Thursday, 17 November 2011

Last Orders for Christmas

Pots waiting for their fiery fate
After what has seemed ages, we have enough pots assembled to fire the Thrussington kiln. Although the kiln is only just over twelve cubic feet, it takes an awful lot of small vessels to fill it and it needs to be tightly packed to get the best results and be economically viable.
The wood is stacked and seasoned after a long dry summer, we are at last ready to start packing the kiln.
I normally work alone with help from Laura, so it was good to hear from Steve who wanted to come along and share the experience. He came armed with a couple of tea bowls for the kiln, chocolate fudge cake and flowers for Laura so it was impossible to turn him away.
It takes all day to pack the kiln, close the wicket and get everything ready for an early start in the morning. We check the weather, only torrential rain will stop us now, so a dismal, grey cloudy day presents no real problems. A big fry up is the key to a good firing and plenty of tea and once the Chickens are out it's time for Laura to light the fire.


Usually the small fire takes hold quickly and we have to hold back the fire and keep the long flames produced from burning softwood from licking the pots. For some reason the fire was reluctant to go anywhere, maybe it was the high humidity and damp wood from the top of the pile, but three hours in we were still only two hundred degrees in the chamber and things were going very slowly. Moving to the top of the fire bars and reducing the air into the kiln got things moving along and at the six hour mark we started body reduction. With all the cones over and an even colour top and bottom we did our final reduction, allowed the atmosphere to clear and closed up and called it a day. Just over twelve hours and it felt like it would be a good firing.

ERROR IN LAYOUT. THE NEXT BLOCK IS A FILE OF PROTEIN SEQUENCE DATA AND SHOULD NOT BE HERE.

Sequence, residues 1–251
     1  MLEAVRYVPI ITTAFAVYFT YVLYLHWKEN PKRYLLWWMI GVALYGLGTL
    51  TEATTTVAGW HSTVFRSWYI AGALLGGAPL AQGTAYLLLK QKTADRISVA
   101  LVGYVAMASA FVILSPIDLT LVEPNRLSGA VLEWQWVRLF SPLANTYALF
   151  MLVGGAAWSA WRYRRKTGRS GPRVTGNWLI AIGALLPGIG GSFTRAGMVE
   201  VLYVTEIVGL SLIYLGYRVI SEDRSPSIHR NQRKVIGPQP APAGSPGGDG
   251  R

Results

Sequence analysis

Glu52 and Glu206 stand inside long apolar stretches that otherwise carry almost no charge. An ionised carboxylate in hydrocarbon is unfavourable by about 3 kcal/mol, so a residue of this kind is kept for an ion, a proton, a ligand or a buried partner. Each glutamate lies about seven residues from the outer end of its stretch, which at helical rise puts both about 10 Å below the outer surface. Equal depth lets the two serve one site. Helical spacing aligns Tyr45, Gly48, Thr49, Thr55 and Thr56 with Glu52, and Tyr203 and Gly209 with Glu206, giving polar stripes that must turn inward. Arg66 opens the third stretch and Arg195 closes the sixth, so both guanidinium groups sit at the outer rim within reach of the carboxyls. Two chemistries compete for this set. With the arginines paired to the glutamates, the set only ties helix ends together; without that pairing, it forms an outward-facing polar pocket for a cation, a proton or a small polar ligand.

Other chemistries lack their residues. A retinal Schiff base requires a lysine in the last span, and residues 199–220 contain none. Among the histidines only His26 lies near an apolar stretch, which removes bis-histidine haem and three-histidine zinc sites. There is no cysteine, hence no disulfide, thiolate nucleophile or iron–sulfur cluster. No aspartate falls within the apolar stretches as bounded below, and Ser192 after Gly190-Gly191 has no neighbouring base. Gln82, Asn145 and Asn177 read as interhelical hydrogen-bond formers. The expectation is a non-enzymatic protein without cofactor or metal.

It was three days before we could open the kiln. Always an anxious part, quick peek into the spy holes and confirm the cones were all flat, we slowly take out the wicket. The tops of the big pots at the top looked good and the rush of warm air met us as the wicket is dismembered and stacked for next time.


We all eagerly squeezed into the narrow opening and looked at the contents of the kiln, seeing new pots for the first time, never exactly as envisaged, but exciting all the same. It was indeed a good firing, some real beauties waiting to be discovered in the midst of the body of the chamber, still warm and pinging as the glaze settled. The finale to two months of work and thinking already of the next firing and the little changes one might undertake to make it even better.

New Pots for Sale

1 comment:

  1. You had a long dry summer! Heavens above, lucky you. Wood here is just as wet if not wetter than it was before the summer started!
    See you in the Park in July I see, nice.hx

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